Owen Nares

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Owen Nares
Owen Nares.jpg
Owen Nares
Born Owen Ramsay Nares
(1888-08-11)11 August 1888
Maiden Erlegh, Berkshire, England, UK
Died 30 July 1943(1943-07-30) (aged 54)
Brecon, Brecknockshire, Wales, UK
Years active 1913-1941
Spouse(s) Marie Pollini (1910-1943); 2 sons

Owen Ramsay Nares (11 August 1888 in Maiden Erlegh, Berkshire, England – 30 July 1943 in Brecon, Brecknockshire, Wales) had a long stage and film career. Besides his acting career, he was the author of Myself, and Some Others (1925).

Early life[edit]

Educated at Reading School, Nares was encouraged by his mother to become an actor, and in 1908 he received his training from actress Rosina Filippi. The following year, he was playing bit parts in West End productions, including the St. James’s Theatre and the Pinero’s Mid Channel. Over the next few years, as his reputation grew, he performed with many of the outstanding actors of the era including Beerbohm Tree, Constance Collier and Marion Terry.[citation needed]

Career[edit]

In 1914, Nares appeared in Dandy Donovan, the first of the 25 silent films in which he appeared. The early 1920s was his golden period and he was the male lead opposite such actresses as Gladys Cooper, Fay Compton, Madge Titheradge and Daisy Burrell. His stage career also continued to flourish.[citation needed]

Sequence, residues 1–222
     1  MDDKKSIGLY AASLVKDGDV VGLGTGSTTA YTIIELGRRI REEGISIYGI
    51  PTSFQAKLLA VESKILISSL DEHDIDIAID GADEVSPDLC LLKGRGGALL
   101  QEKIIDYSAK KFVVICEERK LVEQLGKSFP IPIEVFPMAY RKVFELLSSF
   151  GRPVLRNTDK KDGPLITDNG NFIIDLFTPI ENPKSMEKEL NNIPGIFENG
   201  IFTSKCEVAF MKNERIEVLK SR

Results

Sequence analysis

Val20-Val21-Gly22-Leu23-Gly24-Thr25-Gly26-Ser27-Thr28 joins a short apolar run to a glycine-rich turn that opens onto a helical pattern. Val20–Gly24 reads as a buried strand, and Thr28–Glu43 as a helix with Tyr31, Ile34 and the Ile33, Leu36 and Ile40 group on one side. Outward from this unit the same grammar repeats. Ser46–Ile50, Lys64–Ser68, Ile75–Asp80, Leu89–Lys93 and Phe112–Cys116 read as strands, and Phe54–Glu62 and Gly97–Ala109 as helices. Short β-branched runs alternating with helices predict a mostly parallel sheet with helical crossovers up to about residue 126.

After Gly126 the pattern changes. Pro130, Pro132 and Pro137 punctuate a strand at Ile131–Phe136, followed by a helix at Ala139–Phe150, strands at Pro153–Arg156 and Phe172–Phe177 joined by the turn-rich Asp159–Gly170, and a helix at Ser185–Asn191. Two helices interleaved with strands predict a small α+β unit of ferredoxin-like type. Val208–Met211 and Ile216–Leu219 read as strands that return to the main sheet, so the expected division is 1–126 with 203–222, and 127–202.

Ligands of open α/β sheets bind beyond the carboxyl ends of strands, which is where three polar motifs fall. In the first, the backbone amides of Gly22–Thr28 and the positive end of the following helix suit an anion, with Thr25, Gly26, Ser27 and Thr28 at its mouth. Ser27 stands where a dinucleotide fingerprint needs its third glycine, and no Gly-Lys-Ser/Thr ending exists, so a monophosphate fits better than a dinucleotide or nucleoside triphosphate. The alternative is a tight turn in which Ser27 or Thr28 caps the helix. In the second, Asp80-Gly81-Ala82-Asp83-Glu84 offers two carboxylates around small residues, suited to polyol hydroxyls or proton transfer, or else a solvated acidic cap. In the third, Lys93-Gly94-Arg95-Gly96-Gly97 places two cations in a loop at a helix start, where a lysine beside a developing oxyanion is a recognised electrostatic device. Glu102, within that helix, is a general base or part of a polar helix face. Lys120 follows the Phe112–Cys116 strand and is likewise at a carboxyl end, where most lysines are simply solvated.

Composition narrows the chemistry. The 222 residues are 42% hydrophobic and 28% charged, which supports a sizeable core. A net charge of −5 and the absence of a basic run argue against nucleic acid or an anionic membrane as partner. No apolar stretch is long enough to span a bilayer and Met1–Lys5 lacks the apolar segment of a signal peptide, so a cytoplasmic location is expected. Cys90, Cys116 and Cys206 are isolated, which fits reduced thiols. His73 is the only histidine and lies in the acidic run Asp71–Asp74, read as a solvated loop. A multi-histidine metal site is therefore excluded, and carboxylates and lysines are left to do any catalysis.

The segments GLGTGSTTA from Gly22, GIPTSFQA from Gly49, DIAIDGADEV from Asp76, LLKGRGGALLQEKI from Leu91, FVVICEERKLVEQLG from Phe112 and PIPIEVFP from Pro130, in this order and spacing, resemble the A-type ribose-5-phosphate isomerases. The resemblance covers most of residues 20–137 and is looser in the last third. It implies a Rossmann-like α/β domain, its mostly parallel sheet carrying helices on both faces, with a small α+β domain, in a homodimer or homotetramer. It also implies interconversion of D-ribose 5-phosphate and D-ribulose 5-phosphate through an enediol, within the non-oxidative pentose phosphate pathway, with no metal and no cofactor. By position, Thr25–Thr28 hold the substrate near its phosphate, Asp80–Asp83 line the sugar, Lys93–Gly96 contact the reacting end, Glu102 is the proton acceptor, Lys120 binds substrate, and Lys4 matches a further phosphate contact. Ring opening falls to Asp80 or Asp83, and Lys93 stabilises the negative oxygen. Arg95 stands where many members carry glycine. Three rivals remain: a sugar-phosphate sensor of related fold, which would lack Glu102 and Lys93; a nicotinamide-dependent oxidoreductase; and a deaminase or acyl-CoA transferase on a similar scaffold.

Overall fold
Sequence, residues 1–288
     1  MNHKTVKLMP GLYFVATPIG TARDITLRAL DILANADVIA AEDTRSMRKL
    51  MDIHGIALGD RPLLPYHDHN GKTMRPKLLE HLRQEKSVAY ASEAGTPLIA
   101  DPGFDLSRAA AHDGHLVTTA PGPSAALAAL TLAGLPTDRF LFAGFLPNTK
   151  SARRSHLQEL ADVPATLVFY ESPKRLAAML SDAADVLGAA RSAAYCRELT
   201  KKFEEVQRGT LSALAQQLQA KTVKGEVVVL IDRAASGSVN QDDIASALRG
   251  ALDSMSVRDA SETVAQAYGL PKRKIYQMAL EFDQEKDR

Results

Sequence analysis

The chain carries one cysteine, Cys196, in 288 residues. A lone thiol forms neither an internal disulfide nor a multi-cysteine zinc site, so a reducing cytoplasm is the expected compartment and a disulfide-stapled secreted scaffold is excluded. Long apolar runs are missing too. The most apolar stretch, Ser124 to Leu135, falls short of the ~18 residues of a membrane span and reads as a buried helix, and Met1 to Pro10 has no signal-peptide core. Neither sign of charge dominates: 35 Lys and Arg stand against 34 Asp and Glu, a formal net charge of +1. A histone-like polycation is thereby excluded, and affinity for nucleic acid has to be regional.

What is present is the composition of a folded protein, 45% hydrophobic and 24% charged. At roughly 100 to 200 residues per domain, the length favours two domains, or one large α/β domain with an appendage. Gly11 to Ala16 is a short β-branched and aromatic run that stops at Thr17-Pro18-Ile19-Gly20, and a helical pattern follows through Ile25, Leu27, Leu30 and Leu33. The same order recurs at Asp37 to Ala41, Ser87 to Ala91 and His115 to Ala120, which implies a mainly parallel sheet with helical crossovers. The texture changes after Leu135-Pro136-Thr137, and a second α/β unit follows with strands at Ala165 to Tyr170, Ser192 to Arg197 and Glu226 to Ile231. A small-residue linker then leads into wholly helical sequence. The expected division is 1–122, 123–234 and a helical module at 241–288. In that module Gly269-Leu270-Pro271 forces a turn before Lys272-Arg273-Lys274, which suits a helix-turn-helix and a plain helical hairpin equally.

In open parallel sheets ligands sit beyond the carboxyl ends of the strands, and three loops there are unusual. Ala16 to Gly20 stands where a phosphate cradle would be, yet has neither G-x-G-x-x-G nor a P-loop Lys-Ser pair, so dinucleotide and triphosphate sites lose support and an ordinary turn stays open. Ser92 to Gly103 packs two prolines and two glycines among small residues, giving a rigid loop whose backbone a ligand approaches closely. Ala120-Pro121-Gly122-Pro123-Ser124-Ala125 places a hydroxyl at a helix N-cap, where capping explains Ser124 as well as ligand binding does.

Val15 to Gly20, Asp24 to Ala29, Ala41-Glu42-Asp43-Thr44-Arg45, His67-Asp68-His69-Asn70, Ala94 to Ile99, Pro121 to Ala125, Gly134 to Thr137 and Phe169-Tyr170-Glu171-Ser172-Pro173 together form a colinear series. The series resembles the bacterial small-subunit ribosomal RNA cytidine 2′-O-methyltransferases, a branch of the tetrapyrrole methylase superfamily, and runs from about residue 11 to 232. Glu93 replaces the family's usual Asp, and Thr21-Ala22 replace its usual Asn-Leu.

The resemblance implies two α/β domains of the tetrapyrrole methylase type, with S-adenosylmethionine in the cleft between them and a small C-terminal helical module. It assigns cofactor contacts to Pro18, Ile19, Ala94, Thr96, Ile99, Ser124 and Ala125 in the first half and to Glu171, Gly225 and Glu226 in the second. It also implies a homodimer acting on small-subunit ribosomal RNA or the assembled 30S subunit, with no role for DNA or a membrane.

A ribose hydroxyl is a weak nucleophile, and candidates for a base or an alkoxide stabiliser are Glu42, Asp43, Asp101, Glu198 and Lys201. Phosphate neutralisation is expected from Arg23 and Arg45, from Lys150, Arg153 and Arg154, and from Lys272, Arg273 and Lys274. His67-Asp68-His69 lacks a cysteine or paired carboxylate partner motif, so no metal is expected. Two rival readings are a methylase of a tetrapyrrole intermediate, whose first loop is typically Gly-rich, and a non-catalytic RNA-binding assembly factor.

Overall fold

In 1915, he played Thomas Armstrong in Edward Sheldon's Romance at the Lyric Theatre, and in 1917, he starred with Lily Elsie at the Palace Theatre in the musical comedy, Pamela. He appeared opposite Meggie Albanesi in The First and the Last for a long-run during the 1920s. Nares continued to star in popular West End shows, almost without pause, until 1926, when he then took a break and set off with his own company for a tour of South Africa.[citation needed]

Later years[edit]

With the advent of talkies, his considerable stage experience meant that, in the early days, he was still much in demand and starred in four films. He was, however, too mature to be the handsome star he had been a decade earlier. In the last six films he made, he played supporting roles. In 1942, he appeared in a revival of Robert E. Sherwood’s The Petrified Forrest, and afterwards he went on tour with the play to Northern England and Wales.[citation needed]

Family[edit]

Nares married actress Marie Pollini in 1910; the couple had two sons, David and Geoffrey Nares.

Death[edit]

During tour through Wales he visited Brecon, and the Shoulder of Mutton (now the Sarah Siddons public house), the birthplace of actress Sarah Siddons. While he was in the very room where Siddons had been born, Nares had a heart attack and died shortly afterwards, aged 54, on 30 July 1943.

Filmography[edit]

External links[edit]